Well, half marathon #5 is in the books. I missed a PR by a little over 2 minutes, but with a tough course like this, I'm mostly satisfied with my performance.
The day started off shaky, with the crowded Metro situation getting to RFK Stadium. The trains were packed, and at one point, the operator threatened to take the train out of service if people didn't stop jamming the doors. Luckily, we made it there with time to spare.
Temperature at the start was mid-50's with a touch of humidity. Not bad, at least not as bad as I was expecting, going by what the weather forecasts were predicting. I was running with my Team McGraw teammate Megan, who was also aiming for A 1:59-ish finish as I was. So I had a running partner! Corral 8 crossed the starting mat about 8 minutes after the official start, and I have to hand it to Competitor Group - the corral situation was outstanding. Everyone left at a similar pace, and there wasn't the usual jostling for position and passing mis-seeded runners. Megan & I quickly got into our pace, and finished mile 1 at about a 9:10 pace, right on target.
Miles 2 & 3 were mostly flat to downhill, and we ran it easy, getting both miles in below 9 minute paces, but with minimal effort. Megan commented that we were banking some time for the hills to come (how right she was!). The 4.5 mile mark is where the course got tough. Up 18th Street NW towards Connecticut Avenue. The uphill seemed endless. We got through mile 5 at 9:05, which was race pace, and seemed to be going well. Then we got to mile 6.
Mile 6 was, for all intents & purposes, where the race was made. We struggled through that hilly mile (I'm not going to try and guess what my paces were after this point, probably mid-9), and got a bit of a respite in mile 7, with some downhills mixed with smaller hills. Mile 8 was a bit of the same, and we figured that after we passed the 8 Mile sign, we were gold for the trip in. Um, yeah. We kept up a good pace through miles 9 & 10, surprised by the hills there.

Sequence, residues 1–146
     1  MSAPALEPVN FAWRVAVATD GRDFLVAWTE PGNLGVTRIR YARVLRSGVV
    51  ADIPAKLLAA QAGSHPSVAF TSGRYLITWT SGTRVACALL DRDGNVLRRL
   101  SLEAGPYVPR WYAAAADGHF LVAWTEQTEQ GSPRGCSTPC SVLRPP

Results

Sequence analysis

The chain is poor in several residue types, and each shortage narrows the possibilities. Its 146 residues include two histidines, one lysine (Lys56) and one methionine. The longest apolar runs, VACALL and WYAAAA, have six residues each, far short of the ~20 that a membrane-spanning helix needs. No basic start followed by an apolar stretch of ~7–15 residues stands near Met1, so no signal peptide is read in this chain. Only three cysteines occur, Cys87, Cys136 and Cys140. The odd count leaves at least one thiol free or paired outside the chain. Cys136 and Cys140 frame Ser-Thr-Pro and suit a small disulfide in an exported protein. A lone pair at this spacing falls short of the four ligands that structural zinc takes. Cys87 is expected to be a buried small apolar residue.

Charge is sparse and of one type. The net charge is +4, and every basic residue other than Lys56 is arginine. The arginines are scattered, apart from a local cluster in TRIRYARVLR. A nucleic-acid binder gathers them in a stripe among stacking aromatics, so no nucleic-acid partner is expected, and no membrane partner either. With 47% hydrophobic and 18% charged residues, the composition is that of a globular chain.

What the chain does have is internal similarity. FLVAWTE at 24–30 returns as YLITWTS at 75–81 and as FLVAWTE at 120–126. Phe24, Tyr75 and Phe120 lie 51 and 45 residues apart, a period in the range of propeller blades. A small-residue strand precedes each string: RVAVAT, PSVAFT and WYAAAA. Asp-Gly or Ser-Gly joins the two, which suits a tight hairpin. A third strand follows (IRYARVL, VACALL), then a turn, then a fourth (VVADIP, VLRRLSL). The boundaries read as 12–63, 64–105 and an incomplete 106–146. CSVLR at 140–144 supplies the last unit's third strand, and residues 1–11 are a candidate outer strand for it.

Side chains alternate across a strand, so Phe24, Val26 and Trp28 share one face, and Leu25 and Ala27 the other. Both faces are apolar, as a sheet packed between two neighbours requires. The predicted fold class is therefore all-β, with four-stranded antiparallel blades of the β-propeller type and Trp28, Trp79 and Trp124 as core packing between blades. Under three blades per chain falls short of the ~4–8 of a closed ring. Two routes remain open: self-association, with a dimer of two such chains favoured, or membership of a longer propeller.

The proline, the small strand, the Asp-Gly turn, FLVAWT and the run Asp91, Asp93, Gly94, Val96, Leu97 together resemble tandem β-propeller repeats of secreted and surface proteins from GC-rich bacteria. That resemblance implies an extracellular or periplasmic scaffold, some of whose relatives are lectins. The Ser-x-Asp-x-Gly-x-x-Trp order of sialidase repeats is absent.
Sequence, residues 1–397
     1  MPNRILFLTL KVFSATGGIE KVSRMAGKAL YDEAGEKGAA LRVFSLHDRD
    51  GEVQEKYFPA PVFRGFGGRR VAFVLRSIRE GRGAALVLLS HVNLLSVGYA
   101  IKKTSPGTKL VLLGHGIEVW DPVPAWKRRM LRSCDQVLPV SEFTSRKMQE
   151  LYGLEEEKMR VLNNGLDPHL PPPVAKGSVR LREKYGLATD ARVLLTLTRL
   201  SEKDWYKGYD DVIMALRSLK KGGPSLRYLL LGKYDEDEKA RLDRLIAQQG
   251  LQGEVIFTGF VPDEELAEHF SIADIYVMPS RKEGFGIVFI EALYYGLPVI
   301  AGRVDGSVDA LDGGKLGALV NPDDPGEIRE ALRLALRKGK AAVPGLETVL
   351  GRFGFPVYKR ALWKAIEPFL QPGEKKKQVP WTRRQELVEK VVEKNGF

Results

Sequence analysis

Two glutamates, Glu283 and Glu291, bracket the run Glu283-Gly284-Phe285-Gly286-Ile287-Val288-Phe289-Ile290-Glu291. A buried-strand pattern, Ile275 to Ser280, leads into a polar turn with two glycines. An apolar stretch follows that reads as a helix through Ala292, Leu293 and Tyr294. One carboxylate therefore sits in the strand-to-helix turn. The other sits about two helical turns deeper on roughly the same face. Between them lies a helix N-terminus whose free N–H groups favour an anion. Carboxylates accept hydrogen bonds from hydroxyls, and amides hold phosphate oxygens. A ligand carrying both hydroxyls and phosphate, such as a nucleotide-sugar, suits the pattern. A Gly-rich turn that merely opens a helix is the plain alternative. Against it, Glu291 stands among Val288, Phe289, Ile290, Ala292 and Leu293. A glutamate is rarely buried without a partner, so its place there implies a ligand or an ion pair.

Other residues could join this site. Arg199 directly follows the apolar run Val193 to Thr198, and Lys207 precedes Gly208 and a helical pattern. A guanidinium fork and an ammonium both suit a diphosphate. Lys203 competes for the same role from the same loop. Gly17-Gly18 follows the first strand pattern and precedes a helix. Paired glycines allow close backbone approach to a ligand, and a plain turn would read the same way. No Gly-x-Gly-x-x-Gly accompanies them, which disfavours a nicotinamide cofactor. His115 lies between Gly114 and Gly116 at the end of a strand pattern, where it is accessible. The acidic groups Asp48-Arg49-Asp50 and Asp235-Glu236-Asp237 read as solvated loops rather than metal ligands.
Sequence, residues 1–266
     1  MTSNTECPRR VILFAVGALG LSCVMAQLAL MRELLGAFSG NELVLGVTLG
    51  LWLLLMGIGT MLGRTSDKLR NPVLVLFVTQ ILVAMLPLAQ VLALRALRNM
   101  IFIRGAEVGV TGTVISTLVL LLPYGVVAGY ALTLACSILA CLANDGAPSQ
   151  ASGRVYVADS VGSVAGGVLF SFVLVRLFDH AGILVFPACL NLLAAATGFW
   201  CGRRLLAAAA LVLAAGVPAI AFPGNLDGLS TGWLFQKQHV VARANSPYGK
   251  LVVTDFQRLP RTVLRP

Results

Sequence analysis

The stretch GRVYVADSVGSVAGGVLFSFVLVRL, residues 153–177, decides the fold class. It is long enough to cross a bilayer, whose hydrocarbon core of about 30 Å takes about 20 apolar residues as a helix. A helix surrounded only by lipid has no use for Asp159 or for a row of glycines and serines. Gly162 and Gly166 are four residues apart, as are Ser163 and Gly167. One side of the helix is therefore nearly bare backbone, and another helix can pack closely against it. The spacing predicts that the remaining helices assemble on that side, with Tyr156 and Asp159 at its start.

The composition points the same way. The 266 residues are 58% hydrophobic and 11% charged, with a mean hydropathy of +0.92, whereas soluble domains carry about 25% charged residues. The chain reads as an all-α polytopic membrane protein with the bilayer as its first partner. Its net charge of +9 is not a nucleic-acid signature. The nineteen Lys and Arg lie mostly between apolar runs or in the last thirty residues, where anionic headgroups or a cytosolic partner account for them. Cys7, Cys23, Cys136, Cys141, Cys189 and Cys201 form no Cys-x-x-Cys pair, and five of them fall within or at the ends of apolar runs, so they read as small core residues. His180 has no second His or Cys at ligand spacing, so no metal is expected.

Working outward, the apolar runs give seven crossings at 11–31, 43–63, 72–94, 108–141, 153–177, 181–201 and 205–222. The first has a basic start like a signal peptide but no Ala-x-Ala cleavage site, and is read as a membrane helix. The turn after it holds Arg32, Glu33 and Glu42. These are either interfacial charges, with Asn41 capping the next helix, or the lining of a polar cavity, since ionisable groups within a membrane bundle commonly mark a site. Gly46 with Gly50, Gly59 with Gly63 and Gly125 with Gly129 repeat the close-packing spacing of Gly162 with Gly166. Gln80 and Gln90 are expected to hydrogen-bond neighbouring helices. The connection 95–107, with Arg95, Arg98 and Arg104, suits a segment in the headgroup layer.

I had said in my pre-race blog post that if I hit 1:31 at mile 10, I was going to go for a 1:57:40 finish (sub-9 minute pace). So at mile 10, I was just over 1:31, but that wasn't happening. My new goal was to just hit a PR, which was still do-able. And then I hit mile 11.
Not so much Mile 11, but we made a turn at around mile 11.5 (I don't remember the street), and I'm thinking, just 1 1/2 more miles. But all I saw was this long up-grade. I let out a pretty loud expletive, and I was done. I told Megan to go on, I'd struggle the rest of the way home.
Mile 12 I picked up the pace as it was a nice downhill; I somehow ran about a 9:08, and I was thinking at least break 2 hours. Mile 13 comes, and it's pretty much all uphill to the finish, and I was really done this time. I just brought it in easy, with a finish time of 2:01:13, 2:04 off my PR set last year at Shamrock. Megan, by the way, just missed a PR by 5 seconds, and she was much fresher than I was when I saw her at the tent!
For the toughness of this course, I really can't complain. I was so ready going in, and the hills just did me in. I learned that I need to do a better job hydrating myself. It was a warm race, warmer than anything I've run in over that past 6 months. I brought a quick-release bottle with me, but that definitely wasn't enough water. I'm thinking that had I taken the time to stop at the water stops, I may have had a bit left in the tank. I had planned on downing a GU gel at mile 10, but I couldn't do it. I assume that was a factor as well. This is all good to learn, with the Marine Corps Marathon coming up in 7 months.
So now what? I've got my eye on a local 10K in late April, the Ashburn Village 10K. I really bonked on this one in 2010, but I wasn't nearly as fit back then as I am now, so I'm thinking I want to tame this beast. But I'm not sure yet if I want to do this. The main concern is to drop some weight before MCM training starts in July; those summer long runs are going to be hell with this extra poundage.
223 days until MCM!